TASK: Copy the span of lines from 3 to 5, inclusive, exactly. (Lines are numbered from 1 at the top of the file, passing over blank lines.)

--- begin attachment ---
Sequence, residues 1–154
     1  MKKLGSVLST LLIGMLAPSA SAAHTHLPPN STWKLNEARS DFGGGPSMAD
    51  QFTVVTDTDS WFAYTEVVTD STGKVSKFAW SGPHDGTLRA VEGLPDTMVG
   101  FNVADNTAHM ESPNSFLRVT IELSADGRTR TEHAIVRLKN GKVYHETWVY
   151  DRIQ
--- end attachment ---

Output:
    51  QFTVVTDTDS WFAYTEVVTD STGKVSKFAW SGPHDGTLRA VEGLPDTMVG
   101  FNVADNTAHM ESPNSFLRVT IELSADGRTR TEHAIVRLKN GKVYHETWVY
   151  DRIQ